How Lyubov Orlova received Tolstoy’s autograph and Chaliapin’s parting words

Komsomolskaya Pravda is sure: if Superman had been invented not in the States, but in the USSR, Lyubov Petrovna would have played him. Do you agree? Photo: Klod Mande


Lyubov Petrovna Orlova, who portrayed housekeepers and weavers on the screen, was from a noble family. On the paternal side, her ancestor was, for example, Mikhail Orlov – an acquaintance

Pushkin, adjutant wing of Emperor Alexander I, who communicated with Napoleon many times. And also belonged to this family, for example, Grigory Orlov – the legendary favorite of Catherine II.

It is clear that Orlova from childhood rotated in a circle of prominent people. Once she was impressed by the tales of Leo Tolstoy, wrote him a letter (her mother’s uncle, Mikhail Sukhotin, was married to the writer’s daughter) – and received in response the “Prisoner of the Caucasus” with a dedicatory inscription. She also talked with Chaliapin – starting from the age of five, when she performed at a children’s party in his house (according to legend, the impressed Chaliapin took her in his arms and exclaimed: “You, Lyubashka, will be a great actress!”)

Her father, Pyotr Fedorovich, managed to lose three of his estates at cards. However, he said: “It’s good that I lost them – now they would have taken them away anyway!” After the revolution, the life of a noble family changed dramatically. Now the Orlovs lived in a communal apartment, and Lyubochka gave dance lessons and worked as a pianist. And at the same time she studied: first at the conservatory, then she mastered acting. As if remembering the words of Chaliapin, she dreamed of becoming an artist, and in 1926 she was taken to the troupe of the Moscow Musical Theater.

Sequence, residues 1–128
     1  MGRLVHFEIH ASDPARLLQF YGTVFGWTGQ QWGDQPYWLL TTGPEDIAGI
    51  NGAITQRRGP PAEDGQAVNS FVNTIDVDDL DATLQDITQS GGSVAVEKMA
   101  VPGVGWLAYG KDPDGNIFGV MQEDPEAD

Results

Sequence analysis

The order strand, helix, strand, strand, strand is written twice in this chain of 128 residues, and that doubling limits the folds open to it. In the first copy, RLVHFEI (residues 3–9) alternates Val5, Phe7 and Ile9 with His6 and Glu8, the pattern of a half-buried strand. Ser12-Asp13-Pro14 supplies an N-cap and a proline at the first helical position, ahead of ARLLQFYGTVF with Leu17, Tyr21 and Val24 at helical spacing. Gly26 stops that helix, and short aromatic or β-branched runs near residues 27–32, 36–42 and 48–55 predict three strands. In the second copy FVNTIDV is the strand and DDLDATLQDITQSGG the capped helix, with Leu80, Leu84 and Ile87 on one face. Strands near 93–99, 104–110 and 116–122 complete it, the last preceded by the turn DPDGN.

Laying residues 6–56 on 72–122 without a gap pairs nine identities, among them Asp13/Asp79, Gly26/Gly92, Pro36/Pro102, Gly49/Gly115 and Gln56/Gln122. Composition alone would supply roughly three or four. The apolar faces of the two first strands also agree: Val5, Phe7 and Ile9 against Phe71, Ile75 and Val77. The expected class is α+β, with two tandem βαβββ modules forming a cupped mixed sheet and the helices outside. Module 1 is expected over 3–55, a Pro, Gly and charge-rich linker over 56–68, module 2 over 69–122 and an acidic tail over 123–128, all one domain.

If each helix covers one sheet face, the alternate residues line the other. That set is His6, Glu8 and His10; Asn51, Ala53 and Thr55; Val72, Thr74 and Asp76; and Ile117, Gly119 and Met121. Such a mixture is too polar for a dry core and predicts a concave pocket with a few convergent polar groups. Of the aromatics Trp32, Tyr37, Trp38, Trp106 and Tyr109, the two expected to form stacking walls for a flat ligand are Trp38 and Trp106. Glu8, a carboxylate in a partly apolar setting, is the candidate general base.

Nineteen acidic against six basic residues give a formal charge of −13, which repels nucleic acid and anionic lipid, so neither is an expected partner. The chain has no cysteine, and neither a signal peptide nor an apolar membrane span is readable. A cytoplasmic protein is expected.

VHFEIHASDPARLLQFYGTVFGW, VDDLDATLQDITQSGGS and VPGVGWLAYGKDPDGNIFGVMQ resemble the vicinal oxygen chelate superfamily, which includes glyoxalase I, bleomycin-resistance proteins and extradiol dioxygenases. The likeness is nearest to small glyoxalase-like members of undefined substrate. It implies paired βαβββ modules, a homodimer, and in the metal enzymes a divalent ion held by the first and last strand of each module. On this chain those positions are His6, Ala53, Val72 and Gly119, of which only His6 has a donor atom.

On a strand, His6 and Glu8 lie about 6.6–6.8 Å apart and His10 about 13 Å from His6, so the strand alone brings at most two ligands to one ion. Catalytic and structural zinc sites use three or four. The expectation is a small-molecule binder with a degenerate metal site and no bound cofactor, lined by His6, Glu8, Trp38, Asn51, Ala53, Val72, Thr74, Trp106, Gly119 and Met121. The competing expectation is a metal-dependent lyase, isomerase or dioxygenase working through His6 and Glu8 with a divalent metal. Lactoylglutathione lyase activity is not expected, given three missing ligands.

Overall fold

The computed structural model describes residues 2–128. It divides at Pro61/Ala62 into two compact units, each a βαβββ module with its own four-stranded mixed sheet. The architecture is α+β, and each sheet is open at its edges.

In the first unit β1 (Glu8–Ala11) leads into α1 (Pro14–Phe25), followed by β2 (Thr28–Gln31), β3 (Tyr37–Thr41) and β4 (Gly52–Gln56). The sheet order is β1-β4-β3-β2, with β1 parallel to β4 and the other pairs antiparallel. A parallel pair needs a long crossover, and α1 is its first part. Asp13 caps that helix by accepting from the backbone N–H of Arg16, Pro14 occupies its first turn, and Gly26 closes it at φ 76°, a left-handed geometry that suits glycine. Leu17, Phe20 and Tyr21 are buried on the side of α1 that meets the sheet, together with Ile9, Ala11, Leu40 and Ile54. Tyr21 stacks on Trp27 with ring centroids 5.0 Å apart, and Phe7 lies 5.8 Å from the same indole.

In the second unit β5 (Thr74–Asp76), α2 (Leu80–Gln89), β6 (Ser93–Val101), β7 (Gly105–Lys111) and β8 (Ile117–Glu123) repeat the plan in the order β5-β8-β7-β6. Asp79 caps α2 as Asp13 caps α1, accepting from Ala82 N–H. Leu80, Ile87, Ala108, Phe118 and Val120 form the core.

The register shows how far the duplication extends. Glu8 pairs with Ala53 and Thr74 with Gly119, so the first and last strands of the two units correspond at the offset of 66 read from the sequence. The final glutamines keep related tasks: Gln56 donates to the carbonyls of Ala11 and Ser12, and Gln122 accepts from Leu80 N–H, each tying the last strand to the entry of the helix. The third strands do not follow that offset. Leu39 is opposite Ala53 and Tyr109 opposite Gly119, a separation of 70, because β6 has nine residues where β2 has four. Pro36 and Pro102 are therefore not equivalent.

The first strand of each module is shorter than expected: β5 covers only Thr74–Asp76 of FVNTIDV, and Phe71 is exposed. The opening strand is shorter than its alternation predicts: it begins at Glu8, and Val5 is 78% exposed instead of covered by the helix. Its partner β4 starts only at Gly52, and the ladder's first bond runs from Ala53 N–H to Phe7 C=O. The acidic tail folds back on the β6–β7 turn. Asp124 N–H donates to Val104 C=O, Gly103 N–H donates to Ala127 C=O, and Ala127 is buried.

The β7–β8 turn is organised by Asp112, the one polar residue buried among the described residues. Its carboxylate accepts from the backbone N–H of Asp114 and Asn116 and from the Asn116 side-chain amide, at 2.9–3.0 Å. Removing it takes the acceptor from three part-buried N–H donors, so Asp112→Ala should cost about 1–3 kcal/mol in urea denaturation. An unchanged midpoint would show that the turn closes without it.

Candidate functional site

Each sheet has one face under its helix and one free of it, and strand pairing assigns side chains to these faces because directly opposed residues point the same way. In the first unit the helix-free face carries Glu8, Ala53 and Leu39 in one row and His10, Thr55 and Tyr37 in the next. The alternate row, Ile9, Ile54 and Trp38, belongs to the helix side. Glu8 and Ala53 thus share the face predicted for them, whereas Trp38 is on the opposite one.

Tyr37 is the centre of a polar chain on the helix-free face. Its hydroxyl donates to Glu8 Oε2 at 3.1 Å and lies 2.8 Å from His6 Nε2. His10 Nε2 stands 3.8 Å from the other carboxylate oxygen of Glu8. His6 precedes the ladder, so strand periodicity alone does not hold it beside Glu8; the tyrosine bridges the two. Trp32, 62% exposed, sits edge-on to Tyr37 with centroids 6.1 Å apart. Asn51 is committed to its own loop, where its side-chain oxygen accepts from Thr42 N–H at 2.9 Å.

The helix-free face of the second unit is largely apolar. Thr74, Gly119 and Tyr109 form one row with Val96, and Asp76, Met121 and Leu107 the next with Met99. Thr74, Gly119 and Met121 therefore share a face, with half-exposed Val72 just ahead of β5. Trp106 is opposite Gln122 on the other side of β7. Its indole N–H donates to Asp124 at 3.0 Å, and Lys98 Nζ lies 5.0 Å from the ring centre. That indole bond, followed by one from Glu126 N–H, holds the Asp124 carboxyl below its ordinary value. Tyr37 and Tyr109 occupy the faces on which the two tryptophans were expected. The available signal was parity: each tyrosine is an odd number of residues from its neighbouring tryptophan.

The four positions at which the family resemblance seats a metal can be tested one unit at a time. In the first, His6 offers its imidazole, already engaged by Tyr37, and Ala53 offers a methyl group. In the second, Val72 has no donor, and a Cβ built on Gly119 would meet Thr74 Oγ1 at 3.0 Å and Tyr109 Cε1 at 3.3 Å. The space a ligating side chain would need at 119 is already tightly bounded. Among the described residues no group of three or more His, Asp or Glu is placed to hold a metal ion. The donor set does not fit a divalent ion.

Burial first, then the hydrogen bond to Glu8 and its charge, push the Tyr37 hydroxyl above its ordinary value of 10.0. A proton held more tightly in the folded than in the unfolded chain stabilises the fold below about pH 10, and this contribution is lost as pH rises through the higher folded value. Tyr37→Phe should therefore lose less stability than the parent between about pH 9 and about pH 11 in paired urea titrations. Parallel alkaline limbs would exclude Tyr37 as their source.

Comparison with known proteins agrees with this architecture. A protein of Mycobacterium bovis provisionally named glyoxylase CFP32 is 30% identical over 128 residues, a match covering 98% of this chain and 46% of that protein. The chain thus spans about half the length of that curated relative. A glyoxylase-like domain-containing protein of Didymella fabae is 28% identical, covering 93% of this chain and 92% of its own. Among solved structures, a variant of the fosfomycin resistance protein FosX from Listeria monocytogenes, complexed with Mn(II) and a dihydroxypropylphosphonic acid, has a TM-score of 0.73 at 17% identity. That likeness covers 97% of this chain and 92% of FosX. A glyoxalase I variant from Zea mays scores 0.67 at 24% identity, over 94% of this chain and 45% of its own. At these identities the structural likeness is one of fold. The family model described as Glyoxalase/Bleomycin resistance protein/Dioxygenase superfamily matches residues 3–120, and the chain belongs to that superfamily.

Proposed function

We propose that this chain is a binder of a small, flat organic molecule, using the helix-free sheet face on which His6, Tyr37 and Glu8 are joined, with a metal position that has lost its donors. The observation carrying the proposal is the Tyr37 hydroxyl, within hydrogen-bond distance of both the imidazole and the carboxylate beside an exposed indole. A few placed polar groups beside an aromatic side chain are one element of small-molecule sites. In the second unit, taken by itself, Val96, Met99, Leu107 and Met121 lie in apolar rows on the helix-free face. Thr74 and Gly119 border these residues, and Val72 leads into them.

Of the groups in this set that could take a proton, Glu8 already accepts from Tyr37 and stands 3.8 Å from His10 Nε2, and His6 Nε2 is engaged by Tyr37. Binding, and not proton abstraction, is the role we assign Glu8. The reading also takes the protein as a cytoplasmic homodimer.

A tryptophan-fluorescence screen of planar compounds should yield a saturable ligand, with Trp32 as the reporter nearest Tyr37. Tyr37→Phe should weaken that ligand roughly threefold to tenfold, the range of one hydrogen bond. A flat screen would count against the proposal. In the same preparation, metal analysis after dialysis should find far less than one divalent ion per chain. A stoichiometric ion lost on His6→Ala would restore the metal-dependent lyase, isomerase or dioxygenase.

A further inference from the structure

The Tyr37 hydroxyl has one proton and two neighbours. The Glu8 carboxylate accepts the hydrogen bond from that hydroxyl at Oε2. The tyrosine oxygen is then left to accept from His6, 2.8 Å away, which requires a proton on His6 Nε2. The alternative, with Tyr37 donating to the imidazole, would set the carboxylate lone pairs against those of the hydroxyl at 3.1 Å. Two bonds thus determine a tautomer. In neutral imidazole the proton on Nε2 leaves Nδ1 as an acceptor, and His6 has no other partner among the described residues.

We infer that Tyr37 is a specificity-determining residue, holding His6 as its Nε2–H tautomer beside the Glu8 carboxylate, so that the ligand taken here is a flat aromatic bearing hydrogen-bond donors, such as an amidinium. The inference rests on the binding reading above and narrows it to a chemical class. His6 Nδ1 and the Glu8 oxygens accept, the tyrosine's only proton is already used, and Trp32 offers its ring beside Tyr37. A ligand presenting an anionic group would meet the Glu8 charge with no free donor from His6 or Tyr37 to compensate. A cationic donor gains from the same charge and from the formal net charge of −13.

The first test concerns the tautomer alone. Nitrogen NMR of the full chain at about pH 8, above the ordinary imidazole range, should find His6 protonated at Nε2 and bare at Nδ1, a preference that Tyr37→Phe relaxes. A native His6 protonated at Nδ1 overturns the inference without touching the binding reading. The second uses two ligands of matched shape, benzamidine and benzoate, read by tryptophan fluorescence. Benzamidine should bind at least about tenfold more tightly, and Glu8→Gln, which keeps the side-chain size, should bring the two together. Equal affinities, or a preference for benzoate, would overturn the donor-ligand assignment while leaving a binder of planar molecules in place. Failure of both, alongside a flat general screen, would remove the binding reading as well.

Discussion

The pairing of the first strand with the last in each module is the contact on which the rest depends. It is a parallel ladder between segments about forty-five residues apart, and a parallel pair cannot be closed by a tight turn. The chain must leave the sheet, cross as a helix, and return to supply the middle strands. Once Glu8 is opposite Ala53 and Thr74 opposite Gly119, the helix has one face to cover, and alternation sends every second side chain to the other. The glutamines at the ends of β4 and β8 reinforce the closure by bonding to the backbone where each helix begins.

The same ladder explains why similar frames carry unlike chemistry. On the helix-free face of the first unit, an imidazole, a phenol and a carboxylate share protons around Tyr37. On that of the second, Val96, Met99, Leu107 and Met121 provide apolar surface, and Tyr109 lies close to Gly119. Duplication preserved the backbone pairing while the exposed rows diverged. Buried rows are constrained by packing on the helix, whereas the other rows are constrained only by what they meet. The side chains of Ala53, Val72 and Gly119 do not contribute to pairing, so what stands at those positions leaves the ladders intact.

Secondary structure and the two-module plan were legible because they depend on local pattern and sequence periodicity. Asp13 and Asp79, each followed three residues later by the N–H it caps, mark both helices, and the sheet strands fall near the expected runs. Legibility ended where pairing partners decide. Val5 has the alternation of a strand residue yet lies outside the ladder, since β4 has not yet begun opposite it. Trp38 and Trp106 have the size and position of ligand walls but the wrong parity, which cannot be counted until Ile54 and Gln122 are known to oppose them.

Her first husband was Andrei Berzin, a high-ranking employee of the People’s Commissariat of Agriculture. In 1929, Berzin was arrested on trumped-up conspiracy charges. He was sentenced to only three years of exile, but he decided to leave his wife’s life. As expected, out of nobility – he understood what threatens her marriage with a political prisoner. Well, and also because Grigory Alexandrov appeared in her life.

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Orlova’s great-niece Nonna Golikova said: once Orlova was preparing for a concert, she ironed and straightened her dress on the couch, left the room, and when she returned, she found that a cat had roamed on this dress. Her friend comforted her: “This is a wonderful sign! Something extraordinary is waiting for you!” And indeed, a young director came to the concert, looking for an actress for his film “Jolly Fellows”. After his release, Orlova became one of the most famous women in the USSR – and Alexandrov’s wife.

This relationship has been much talked about. They couldn’t understand how spouses could call each other “you” for decades. But it was true love: people who knew them well believe that Alexandrov and Orlova literally idolized each other. He constantly wrote notes to her and sent telegrams – “I love like a man, I yearn like a dog”, “I started to get bored as soon as I returned home” …

Orlova and Alexandrov, even after many years of marriage, called each other on you.  Photo: Anatoly GARANIN / RIA Novosti

Orlova and Alexandrov, even after many years of marriage, called each other on you. Photo: Anatoly GARANIN / RIA Novosti